Has Mark Sanchez Hit a Wall?


Oct 28, 2012; East Rutherford, NJ, USA; New York Jets quarterback Mark Sanchez (6) calls out a play against the Miami Dolphins during the second half at MetLife Stadium. Dolphins won 30-9. Mandatory Credit: Debby Wong-US PRESSWIRE

Let’s talk about everybody’s favorite whipping boy, Mark Sanchez. Nobody receives more criticism than this guy, some because Tim Tebow is here, some just because of his poor play. I am not here to say that the criticism isn’t warranted. He’s a starting quarterback in the biggest media market in the world, and an inconsistent one. Whether you put all the blame on Mark Sanchez’s abilities, or you factor in outside issues, the fact remains that he has been terribly inconsistent. Mark is a world beater at times, and a pee-wee leaguer at others. So I ask the questions, after almost four years in the league:

Has Mark Sanchez hit a wall?

It certainly is an argument worth making, as pointed out by William Spano during the Flight 5 spreecast this past Friday. He makes an interesting point, talking about the fact that going to the AFC title game in his first two seasons should have been a springboard for Mark Sanchez. It should have propelled him forward into a career that would move towards being an elite quarterback. Instead, you could make the argument that since the 2010 AFC title game, Mark Sanchez has taken steps backwards, making some mistakes that he made when he was a rookie, and baffling a lot of Jets fans.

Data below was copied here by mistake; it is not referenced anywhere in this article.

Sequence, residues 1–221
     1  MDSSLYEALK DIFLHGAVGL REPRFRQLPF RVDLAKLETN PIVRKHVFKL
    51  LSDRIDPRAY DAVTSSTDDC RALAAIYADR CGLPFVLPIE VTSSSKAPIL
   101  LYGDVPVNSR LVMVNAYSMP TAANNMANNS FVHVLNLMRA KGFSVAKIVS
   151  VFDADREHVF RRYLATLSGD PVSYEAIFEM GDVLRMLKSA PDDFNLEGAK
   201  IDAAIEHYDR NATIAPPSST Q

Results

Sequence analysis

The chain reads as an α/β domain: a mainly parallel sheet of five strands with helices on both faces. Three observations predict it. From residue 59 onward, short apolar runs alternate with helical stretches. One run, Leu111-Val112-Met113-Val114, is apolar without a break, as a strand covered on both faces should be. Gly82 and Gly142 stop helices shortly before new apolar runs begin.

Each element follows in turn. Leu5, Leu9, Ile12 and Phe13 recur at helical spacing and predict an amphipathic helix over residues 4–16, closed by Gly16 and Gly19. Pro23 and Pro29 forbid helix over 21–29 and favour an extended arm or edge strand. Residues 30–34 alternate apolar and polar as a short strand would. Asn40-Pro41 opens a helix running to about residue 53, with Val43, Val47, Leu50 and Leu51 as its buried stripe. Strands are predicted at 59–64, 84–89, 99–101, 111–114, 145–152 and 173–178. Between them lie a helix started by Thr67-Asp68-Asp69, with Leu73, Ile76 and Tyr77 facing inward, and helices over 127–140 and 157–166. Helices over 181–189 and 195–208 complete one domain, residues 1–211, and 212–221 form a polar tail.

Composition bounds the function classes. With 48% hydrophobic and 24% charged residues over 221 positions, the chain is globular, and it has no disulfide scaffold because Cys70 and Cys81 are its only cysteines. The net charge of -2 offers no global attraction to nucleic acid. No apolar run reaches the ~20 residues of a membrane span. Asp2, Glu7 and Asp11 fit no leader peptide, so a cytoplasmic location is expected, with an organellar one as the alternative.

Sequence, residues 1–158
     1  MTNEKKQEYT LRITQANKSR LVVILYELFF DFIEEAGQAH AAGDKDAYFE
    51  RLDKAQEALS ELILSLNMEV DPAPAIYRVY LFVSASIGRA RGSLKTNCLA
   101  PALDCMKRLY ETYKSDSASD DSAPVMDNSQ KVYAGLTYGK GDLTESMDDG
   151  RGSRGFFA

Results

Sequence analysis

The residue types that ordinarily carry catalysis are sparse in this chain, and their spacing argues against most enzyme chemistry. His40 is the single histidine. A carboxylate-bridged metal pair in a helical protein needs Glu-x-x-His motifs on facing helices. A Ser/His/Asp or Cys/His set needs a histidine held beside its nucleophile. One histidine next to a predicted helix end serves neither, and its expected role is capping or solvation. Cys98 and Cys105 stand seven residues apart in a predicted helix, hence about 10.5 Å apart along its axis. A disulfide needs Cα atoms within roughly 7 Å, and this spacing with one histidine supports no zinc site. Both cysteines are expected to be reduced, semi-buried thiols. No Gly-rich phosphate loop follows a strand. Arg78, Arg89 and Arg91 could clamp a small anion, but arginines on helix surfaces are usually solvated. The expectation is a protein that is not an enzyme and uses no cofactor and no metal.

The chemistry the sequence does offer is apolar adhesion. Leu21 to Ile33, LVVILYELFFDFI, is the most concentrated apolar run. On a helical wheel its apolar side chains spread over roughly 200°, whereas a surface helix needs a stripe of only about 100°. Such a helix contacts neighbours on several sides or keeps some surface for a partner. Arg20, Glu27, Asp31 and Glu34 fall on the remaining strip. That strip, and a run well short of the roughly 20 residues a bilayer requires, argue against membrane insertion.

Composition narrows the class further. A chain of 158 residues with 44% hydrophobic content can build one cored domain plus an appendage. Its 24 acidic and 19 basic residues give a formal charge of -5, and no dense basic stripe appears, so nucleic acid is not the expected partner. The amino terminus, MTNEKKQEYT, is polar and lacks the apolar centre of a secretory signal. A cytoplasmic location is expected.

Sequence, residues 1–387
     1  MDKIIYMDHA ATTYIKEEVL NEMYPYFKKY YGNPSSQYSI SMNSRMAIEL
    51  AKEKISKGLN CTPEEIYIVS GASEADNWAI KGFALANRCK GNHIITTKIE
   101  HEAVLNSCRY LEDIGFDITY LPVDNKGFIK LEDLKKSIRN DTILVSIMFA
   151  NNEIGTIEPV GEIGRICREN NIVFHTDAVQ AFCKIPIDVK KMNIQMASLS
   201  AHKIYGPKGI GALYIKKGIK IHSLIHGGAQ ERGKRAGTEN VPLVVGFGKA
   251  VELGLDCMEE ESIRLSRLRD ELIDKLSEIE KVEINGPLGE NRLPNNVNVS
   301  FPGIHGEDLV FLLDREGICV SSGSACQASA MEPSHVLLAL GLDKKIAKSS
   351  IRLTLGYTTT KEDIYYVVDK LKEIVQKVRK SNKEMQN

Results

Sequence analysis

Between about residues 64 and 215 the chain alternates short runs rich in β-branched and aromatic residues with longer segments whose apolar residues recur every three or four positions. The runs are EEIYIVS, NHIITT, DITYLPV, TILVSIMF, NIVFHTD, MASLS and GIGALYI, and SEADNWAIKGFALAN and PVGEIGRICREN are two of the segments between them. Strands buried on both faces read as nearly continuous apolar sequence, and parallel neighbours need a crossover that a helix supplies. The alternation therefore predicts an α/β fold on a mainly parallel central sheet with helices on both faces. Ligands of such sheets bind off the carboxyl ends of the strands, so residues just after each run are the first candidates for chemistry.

When you take a look at the guy with the eye test, it is more than a fair point. Mark, at times, does not look like a leader. Instead of putting the Jets in position to win, he has at times put them in position to lose. He throws interceptions that are born out of terrible decisions. Even more than that, he makes bad passes due to simple inaccuracy. He can put the ball in the right place when he is on his game, but when he is not, his ball can put his receiver in harm’s way, and certainly doesn’t give his man a chance to make a play.